Oh who doesn’t love a good stoush when publicists get tapping on the old intranet? The latest is between Seven and ASTRA, the body that represents the subscription television industry.
ASTRA has come out swinging against Seven’s decision not to air the AFL qualifying match on Friday night live to viewers, notably interstate. Depending on where you live you may have to sit through Better Homes and Gardens, Today Tonight or Seven News before you can see the Hawthorn v Western Bulldogs game. Seven has pushed Home and Away onto Thursday but that’s all…
ASTRA is using the move as a way of calling on the government to revisit the anti-siphoning list (y’know the same one that prevented us from seeing other Olympic events on 7HD?). Clearly it isn’t a situation that Seven isn’t rapt in either. But it’s the way everybody addresses it that is remarkable.
Seven responded to the ASTRA statement by being blunt. “What a surprise. Yet another carping, miserable observation from the pay television industry – their second in only a few days on the same topic.”
Can we have more statements like this from the industry please?
ASTRA Press Release:
ASTRA today again called on the Federal Government to adopt a new approach to its restrictive
sports rights regulation after it was revealed AFL fans will be denied access to live matches during
the AFL Finals Series which starts on Friday.
Despite having the rights to broadcast Friday’s opening match live, Channel Seven will delay the
broadcast by one hour in Sydney, Brisbane and Perth.
Sports fans in these cities will be forced to wait or watch Better Homes and Gardens or Deal or No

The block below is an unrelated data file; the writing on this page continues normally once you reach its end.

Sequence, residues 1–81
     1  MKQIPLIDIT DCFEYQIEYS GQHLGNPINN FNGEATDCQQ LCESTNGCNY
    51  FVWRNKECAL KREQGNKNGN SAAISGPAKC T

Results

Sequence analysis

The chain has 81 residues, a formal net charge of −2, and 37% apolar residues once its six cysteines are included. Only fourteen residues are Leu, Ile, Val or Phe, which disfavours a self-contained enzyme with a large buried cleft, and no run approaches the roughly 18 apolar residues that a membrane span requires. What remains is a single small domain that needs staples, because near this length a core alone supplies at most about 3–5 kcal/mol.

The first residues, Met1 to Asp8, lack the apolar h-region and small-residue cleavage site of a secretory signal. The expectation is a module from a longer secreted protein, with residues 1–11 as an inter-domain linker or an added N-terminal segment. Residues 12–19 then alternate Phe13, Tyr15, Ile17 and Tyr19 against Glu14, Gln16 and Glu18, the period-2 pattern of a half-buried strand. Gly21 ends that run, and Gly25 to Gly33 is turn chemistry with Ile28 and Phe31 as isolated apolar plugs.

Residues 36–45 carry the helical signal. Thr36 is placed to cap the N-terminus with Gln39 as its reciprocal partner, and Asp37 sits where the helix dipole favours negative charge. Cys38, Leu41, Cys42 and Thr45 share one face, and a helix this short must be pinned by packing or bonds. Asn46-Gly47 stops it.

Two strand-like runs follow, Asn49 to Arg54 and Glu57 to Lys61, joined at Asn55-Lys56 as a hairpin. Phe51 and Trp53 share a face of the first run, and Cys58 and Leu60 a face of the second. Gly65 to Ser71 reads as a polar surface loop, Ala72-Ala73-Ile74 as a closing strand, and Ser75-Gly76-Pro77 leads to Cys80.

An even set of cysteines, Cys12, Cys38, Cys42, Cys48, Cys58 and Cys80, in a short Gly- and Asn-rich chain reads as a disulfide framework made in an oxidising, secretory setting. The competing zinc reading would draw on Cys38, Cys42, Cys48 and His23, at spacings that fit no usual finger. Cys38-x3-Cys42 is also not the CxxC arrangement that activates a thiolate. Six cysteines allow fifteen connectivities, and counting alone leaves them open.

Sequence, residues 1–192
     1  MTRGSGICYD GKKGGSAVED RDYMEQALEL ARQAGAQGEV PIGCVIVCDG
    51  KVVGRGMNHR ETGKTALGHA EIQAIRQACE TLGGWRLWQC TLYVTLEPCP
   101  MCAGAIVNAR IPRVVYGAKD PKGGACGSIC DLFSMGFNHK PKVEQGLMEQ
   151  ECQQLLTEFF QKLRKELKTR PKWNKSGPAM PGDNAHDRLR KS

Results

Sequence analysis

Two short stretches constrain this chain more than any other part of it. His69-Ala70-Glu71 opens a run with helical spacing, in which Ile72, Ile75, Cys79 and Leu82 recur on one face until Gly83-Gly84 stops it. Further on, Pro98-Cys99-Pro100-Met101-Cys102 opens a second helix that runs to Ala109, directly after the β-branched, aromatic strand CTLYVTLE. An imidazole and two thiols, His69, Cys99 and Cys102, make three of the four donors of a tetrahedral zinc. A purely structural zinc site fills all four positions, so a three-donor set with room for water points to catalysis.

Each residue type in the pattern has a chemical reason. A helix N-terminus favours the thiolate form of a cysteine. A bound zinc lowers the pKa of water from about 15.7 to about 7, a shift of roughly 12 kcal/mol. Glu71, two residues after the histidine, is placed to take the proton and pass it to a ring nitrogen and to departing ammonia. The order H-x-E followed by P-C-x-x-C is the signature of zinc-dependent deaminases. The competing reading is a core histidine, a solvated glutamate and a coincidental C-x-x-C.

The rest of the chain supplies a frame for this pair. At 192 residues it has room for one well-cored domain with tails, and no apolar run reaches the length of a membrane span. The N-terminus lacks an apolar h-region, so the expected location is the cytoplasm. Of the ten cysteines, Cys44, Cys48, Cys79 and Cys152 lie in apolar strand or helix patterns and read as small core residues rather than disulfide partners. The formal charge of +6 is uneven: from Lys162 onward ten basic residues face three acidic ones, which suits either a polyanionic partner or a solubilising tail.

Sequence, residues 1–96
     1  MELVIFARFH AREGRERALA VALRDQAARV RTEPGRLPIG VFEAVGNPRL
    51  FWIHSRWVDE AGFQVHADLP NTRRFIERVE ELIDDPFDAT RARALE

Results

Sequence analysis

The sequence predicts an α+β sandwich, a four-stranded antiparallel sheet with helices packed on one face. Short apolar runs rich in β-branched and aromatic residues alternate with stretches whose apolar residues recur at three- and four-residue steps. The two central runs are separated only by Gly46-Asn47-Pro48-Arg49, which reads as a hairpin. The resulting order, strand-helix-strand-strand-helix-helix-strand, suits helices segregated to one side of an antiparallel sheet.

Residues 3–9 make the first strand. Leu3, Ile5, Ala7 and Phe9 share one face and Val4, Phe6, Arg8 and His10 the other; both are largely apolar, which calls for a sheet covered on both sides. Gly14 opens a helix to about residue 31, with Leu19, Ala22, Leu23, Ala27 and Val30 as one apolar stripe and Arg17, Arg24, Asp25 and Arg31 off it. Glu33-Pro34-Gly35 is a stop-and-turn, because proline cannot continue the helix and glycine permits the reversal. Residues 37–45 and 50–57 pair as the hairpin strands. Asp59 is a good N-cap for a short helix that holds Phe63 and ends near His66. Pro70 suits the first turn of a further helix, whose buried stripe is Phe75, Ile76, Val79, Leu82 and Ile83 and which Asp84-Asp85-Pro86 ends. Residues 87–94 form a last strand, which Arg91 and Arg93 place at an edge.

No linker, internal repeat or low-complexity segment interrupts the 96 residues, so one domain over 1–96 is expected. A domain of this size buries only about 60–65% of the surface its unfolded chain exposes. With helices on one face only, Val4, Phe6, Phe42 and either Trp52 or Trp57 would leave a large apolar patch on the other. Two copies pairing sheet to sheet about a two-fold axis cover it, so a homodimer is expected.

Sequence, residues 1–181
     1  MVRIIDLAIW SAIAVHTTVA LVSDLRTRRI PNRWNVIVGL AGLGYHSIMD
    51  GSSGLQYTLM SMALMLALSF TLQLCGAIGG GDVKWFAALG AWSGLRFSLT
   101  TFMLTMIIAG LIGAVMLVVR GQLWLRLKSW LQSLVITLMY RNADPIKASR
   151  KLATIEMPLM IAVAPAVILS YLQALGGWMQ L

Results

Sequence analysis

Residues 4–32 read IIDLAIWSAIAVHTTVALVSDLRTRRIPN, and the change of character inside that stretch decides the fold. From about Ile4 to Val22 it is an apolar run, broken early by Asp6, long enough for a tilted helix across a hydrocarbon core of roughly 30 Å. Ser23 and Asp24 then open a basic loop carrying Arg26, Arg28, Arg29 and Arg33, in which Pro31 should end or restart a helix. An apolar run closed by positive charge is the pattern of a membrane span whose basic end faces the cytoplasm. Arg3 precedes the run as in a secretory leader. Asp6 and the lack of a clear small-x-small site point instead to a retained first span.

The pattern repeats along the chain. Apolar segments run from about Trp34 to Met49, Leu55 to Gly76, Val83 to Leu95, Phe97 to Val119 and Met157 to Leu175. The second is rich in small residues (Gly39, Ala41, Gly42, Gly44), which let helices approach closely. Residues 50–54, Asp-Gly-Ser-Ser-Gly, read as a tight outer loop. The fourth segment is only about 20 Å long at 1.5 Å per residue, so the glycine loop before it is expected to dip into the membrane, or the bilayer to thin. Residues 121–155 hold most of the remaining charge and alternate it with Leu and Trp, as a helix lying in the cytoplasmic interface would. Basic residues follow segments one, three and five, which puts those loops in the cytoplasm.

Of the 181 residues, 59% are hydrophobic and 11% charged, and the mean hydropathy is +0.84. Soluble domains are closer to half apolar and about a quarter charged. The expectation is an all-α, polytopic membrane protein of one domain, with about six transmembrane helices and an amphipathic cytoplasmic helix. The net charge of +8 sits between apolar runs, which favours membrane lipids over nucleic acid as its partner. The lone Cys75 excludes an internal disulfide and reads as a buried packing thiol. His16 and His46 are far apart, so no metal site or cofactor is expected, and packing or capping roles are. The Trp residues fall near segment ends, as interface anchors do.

Deal before finally seeing the Second Qualifying Final between Hawthorn and the Western
Bulldogs at the MCG.
ASTRA has called on the Federal Government to reduce the length of the restrictive antisiphoning
list, which allows free-to-air networks (FTA) a monopoly first right to buy sports that are
repeatedly not shown live and nationally.
ASTRA CEO Debra Richards says sport fans are being let down due to an anti-siphoning list in
desperate need of reform.
“Despite having the ability to broadcast the opening match of the AFL Finals Series live in these
cities, the Seven Network has chosen not to do so, for reasons best known to them, instead
offering sports fans Better Homes and Gardens and forcing them to wait.”
“Seven bought the rights to show AFL matches under the cover of the anti-siphoning list, a list that
must be reduced so Australians can see more sport on free-to-air television and give Australians
the choice of more sport on subscription television.”
The anti-siphoning list includes more than 4,700 sporting events in an Olympic year, and is leaving
sports fans waiting and wondering.
ASTRA’s proposal would benefit all Australian sports fans and lead to:
o More sport on television
o Allow FTA networks to keep what is currently shown
o Allow all broadcasters to compete for events not currently shown
o Encourage competition for sports rights and;
o Assist in digital television take-up
The recent Olympic Games demonstrated the need for urgent reform.
Australian viewers missed out on seeing key events live, including Steve Hooker’s historic gold
medal win in the pole vault and full coverage of Matthew Mitcham’s extraordinary gold medal in
10m platform diving.
Ms Richards said Seven’s latest decision not to broadcast AFL live and nationally again takes
Australian sport fans for granted and supports ASTRA’s call for an immediate reduction to the antisiphoning
“AFL fans in Sydney, Brisbane and Perth will miss seeing a major event live. The subscription
television industry supports the principle of showing sport live and nationally.
“Seven has chosen when sports fans can watch the AFL in Sydney, Brisbane and Perth.
Effectively delaying the game for these fans simply demands legislative change.”
What a surprise. Yet another carping, miserable observation from the pay television industry – their second in only a few days on the same topic.
You’d reckon being a comfortable monopoly would be enough but they’re still demanding that people pay for sports coverage they currently enjoy on free-to-air television. That’s a most un-Australian demand, especially for the seven out of ten Australians who choose not to take-up pay television.